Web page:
They then picked up their accreditation and enjoyed themselves at the venues watching elite sports from prime seats, spent a $450 daily stipend - which is about twice the Brazilian minimum wage - or $900 depending on one’s importance within the big, fat and happy family, and slept at swanky hotels ringed by security and with credentials-only entrances.
The Olympic bubble is part of a social movement, or so the IOC believes. "These games have not been organized in a bubble," said IOC President Thomas Bach on Saturday at a press conference. His statement was self-righteous and delusional.
The IOC’s modus operandi is sinister and perverse. The blueprint is always the same: jet in, replace national sovereignty with an IOC fiefdom, burden society with the costs, maximize and privatize the profits. The final step is simple: jet out.
“The shock doctrine is a way of understanding disaster,” explained Gaffney. “It was developed by Naomi Klein and looks at events like Hurricane Katrina or the invasion in Iraq. You create disasters in order to accomplish economic and political goals. Similarly, the Olympic Games and the World Cup install states of emergencies - disasters in a way. You get an emergency planning regime. You use a lot of public money, you shorten contracting periods, you loosen transparency laws and you implement it through rule of decree. Instead of having a country being bombed or terrorized by a foreign power, you have parties and fireworks, with people even celebrating this.”
“These mega-events are ‘neoliberal Trojan horses’ ushering in massive surveillance infrastructure and political repression,” writes American author Dave Zirin in his book ‘Brazil’s dance with the devil.’ “The countries change, but the scenario stays the same: a profit orgy and a tax haven for corporate sponsors and private security firms, obscene public spending on new stadiums and the brutal cuts that fall on the backs of the poor when the party’s over.”
FIFA, the IOC’s footballing equivalent, has excelled at the ploy, generating a $4.6 billion revenue from the 2014 Brazil World Cup. The IOC has toppled that with $5.6 billion, according to leading Brazilian newspaper Estado de Sao Paulo.
The Olympic Games were mired in controversy with the bad and the outright sleazy – first and foremost, the Russian doping scandal that once more underlined the IOC’s governing incompetence; second and foremost, Ireland’s Olympic chief Pat Hickey’s ticket tout arrest. It was the old world on a new continent - “O Mundo Novo’ [Meet The New World] was Rio 2016’s official slogan.
Indeed, a New World for whom exactly? Not for the IOC, not for the crowds that flocked to watch the sporting action. They came dressed in Tommy Hilfiger and Armani, and wore Ray-Ban glasses. Selfies and Facebook posts were compulsory. Daily head counts at the Olympic Park or other venues were disturbing, revealing very few black spectators. At the last World Cup, a survey showed that 90% of Brazilians attending the World Cup were white and rich, members of the upper middle class and elite. The Olympic Games were no different.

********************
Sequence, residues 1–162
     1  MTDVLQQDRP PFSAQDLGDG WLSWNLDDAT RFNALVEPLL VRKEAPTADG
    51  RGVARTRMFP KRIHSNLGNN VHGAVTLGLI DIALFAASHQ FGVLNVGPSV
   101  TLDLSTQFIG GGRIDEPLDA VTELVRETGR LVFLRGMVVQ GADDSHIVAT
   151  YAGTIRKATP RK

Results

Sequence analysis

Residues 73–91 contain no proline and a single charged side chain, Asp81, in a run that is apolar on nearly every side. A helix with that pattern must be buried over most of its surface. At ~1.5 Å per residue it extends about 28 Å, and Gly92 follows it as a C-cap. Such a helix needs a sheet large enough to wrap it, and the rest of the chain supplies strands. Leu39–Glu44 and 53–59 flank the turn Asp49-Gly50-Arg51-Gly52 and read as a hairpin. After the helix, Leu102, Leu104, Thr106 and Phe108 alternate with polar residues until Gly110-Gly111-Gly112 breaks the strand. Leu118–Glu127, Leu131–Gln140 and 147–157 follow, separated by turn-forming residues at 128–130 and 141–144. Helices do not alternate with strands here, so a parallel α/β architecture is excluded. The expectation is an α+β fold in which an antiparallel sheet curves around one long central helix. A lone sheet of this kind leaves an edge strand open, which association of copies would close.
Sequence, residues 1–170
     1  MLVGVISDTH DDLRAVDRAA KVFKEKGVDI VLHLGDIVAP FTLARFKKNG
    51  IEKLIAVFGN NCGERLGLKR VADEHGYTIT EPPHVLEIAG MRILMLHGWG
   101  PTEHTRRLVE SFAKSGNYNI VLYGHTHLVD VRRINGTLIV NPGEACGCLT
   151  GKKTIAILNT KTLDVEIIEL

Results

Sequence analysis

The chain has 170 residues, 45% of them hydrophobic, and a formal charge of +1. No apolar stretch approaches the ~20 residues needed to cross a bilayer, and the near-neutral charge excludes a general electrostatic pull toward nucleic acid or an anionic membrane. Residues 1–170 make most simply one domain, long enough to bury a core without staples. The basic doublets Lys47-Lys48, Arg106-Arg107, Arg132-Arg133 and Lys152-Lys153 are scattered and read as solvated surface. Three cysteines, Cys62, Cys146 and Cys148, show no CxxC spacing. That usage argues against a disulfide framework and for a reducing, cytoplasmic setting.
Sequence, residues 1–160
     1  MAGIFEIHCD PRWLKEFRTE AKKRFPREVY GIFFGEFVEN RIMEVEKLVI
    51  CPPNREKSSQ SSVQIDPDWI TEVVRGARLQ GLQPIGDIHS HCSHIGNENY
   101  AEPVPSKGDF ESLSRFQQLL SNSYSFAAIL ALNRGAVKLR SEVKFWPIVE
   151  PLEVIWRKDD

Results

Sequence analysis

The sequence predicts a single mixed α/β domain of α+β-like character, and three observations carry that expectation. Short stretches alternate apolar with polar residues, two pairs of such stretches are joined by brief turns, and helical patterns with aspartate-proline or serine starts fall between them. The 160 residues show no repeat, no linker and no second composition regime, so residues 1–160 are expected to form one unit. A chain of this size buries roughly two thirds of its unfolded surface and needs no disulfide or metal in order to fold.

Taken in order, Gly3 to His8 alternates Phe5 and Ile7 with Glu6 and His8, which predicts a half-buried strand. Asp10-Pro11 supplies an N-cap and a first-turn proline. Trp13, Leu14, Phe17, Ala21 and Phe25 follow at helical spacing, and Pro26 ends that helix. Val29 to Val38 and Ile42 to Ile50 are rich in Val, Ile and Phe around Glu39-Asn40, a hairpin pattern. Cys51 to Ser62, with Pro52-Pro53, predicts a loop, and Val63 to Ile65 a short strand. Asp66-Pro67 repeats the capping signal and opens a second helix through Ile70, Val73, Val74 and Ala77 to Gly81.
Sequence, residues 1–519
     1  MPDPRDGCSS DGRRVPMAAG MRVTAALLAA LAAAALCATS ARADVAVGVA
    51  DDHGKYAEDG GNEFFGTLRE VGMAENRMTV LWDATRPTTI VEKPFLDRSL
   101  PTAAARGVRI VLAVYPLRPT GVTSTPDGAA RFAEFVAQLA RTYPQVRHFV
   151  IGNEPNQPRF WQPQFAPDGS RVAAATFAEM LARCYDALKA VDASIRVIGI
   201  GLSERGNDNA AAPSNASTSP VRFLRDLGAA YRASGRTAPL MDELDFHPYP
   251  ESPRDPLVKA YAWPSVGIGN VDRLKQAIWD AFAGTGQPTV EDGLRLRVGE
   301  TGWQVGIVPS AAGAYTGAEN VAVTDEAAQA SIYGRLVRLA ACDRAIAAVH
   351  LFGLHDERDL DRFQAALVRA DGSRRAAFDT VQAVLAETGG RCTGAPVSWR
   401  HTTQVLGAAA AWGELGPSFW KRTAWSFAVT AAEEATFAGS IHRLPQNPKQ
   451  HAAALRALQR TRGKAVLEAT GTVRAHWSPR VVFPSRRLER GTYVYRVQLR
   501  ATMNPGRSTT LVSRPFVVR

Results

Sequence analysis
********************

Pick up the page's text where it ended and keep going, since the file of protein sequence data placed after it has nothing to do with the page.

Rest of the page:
They often booed, much to the dismay of the IOC, whose corporatism doesn’t allow for jeering, only for paying with the right credit card for the right soda. “The elite public lacks the education to care for anything but themselves,” explained Juca Kfouri, one of Brazil’s leading sports journalists. “They have no sporting education. That is what you call the Brazilian elite. Humble people are respectful, but the elite have money to buy tickets and to do what they want.”
For the residents of Horto the Olympic Games were a fabled Disney World. “We are not participating in the Olympic Games, not because we have don’t tickets, but really, because we are excluded,” said Emilia de Souza. “We have not even been remotely close to any venue or sporting event.”
Belatedly, Brazil did embrace the Olympic Games, courtesy of gold medals in the final weekend in both football and volleyball - the measure of sporting success for the hosts. These were the medals Brazil desperately wanted, providing an injection of self-esteem, a medicine against the mongrel complex, conceived by Nelson Rodrigues after the 1950 World Cup defeat by Uruguay as ‘the inferiority in which Brazilians put themselves, voluntarily, in comparison to the rest of the world. Brazilians are the reverse of Narcissus, who spit in their own image. Here is the truth: we can’t find personal or historical pretexts for self-esteem.”
Judoka Rafaela Silva had won Brazil’s first gold medal. Her laurel was symbolic. Silva grew up in Rio’s infamous favela Cidade de Deus. At London 2012, the Brazilian suffered racial abuse after her disqualification. “I insisted judo is my life [after 2012],” she said in a press conference. “People told me: ‘The place for you is as a monkey in a cage,’ but my place is in sports, in judo.”
Silva represented the ‘Bramerican dream’ – Brazil, a country of endless opportunities, where everyone can make it. The gold medal once again portrayed Brazil, at least very momentarily, as an egalitarian society and a success story.
For a number of athletes these Olympic Games were indeed the land of opportunities, an Eldorado in the Carioca capital: Usain Bolt and Michael Phelps saved the Olympic Games, the quadrennial sporting ultimacy, that had been slow-burning, meandering and confounding, but, at the same time, still a great human and wretched theatre during a 17-day obsession with wrestling, gymnastics, hockey and other understated sports.